Shouldn’t Every Day Be Constitution Day?

, Malcolm A. Kline, Leave a comment

A middle school teacher, understandably unnerved by student’s alternate admiration for, and previous unfamiliarity with the U. S. Constitution, posted an Education Post to vent. “Every public school that receives federal funds is required to teach about the Constitution once a year,” Michelle Pearson writes. “We did these lessons as part of our studies for Constitution Day.”

“But the lack of prior knowledge this student described is a reality that springs from the marginalization of social studies. Research shows the testing era had a laser-like focus on language arts and math, with less time devoted to social studies or civics education. Many argue that social studies content is easily woven into literacy units. They cite national standards suggesting that instruction in the use of nonfiction and informational text means that social studies will be present in the classroom. Others suggest that social studies will at least be embedded in interdisciplinary instruction because it is a core content area.”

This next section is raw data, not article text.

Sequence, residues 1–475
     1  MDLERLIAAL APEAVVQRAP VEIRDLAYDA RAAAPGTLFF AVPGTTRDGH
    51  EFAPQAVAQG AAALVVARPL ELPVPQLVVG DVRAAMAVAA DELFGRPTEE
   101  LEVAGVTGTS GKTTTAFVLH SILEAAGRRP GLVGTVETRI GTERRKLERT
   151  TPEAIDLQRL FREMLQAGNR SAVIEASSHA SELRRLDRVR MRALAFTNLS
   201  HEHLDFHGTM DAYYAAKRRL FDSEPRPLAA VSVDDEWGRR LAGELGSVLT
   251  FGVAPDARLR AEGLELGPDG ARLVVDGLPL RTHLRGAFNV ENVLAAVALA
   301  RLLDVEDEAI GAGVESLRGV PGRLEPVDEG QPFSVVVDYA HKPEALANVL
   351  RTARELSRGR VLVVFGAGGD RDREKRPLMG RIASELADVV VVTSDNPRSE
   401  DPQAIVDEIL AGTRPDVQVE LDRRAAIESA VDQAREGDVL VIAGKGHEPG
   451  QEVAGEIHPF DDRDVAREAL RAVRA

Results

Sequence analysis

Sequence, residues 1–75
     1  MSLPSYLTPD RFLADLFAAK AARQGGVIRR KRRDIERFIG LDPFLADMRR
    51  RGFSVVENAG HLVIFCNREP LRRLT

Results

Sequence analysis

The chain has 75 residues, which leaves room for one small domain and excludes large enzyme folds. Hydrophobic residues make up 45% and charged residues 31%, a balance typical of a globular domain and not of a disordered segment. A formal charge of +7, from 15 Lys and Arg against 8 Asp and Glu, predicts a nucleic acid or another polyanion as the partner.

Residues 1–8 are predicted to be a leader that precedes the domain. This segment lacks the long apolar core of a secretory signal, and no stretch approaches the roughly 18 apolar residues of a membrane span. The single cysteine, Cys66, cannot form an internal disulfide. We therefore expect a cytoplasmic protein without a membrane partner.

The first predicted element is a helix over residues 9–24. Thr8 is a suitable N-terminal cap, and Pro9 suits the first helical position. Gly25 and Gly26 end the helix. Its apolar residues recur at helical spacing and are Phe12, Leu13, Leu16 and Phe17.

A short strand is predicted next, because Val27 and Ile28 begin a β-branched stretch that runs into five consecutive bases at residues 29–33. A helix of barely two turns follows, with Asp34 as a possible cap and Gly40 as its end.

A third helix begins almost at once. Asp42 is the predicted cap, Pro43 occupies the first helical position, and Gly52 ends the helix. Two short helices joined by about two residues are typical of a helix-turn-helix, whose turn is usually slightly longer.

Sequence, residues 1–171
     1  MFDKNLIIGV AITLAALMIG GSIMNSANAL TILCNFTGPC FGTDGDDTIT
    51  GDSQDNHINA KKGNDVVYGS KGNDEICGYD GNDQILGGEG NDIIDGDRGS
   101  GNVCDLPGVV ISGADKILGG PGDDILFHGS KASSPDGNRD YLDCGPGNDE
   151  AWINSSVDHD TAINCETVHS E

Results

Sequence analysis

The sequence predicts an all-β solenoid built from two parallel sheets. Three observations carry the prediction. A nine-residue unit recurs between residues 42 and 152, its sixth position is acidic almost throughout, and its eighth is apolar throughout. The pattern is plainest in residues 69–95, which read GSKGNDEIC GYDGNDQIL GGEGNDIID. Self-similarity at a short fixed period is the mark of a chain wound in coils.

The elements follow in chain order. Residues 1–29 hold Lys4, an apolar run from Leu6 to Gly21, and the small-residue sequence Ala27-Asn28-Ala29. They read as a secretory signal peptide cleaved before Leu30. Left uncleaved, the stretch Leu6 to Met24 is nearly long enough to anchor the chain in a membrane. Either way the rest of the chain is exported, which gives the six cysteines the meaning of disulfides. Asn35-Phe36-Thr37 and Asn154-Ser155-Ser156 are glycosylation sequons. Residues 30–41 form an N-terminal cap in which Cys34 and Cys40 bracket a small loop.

One, why should the study of the U. S. Constitution be relegated to once a year? Two, shouldn’t it be part of the Common Core of any curriculum?